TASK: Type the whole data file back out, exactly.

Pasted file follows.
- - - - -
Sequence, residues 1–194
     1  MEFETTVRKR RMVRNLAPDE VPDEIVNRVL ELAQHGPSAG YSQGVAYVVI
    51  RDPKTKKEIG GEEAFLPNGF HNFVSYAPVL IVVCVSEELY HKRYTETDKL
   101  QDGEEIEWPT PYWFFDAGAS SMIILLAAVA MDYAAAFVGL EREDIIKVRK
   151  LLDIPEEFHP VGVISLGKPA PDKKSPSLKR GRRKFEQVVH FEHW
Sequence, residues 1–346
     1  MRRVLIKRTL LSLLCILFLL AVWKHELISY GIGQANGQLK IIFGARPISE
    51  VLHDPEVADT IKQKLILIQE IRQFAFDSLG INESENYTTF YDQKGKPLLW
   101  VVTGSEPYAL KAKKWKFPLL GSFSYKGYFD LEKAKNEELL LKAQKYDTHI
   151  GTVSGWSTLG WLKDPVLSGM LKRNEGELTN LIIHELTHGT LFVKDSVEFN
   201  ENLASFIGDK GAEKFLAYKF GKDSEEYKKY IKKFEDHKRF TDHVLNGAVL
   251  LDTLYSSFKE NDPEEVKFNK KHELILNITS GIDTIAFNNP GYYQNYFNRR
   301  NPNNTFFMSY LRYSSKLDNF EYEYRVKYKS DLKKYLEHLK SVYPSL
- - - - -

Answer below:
Sequence, residues 1–194
     1  MEFETTVRKR RMVRNLAPDE VPDEIVNRVL ELAQHGPSAG YSQGVAYVVI
    51  RDPKTKKEIG GEEAFLPNGF HNFVSYAPVL IVVCVSEELY HKRYTETDKL
   101  QDGEEIEWPT PYWFFDAGAS SMIILLAAVA MDYAAAFVGL EREDIIKVRK
   151  LLDIPEEFHP VGVISLGKPA PDKKSPSLKR GRRKFEQVVH FEHW
Sequence, residues 1–346
     1  MRRVLIKRTL LSLLCILFLL AVWKHELISY GIGQANGQLK IIFGARPISE
    51  VLHDPEVADT IKQKLILIQE IRQFAFDSLG INESENYTTF YDQKGKPLLW
   101  VVTGSEPYAL KAKKWKFPLL GSFSYKGYFD LEKAKNEELL LKAQKYDTHI
   151  GTVSGWSTLG WLKDPVLSGM LKRNEGELTN LIIHELTHGT LFVKDSVEFN
   201  ENLASFIGDK GAEKFLAYKF GKDSEEYKKY IKKFEDHKRF TDHVLNGAVL
   251  LDTLYSSFKE NDPEEVKFNK KHELILNITS GIDTIAFNNP GYYQNYFNRR
   301  NPNNTFFMSY LRYSSKLDNF EYEYRVKYKS DLKKYLEHLK SVYPSL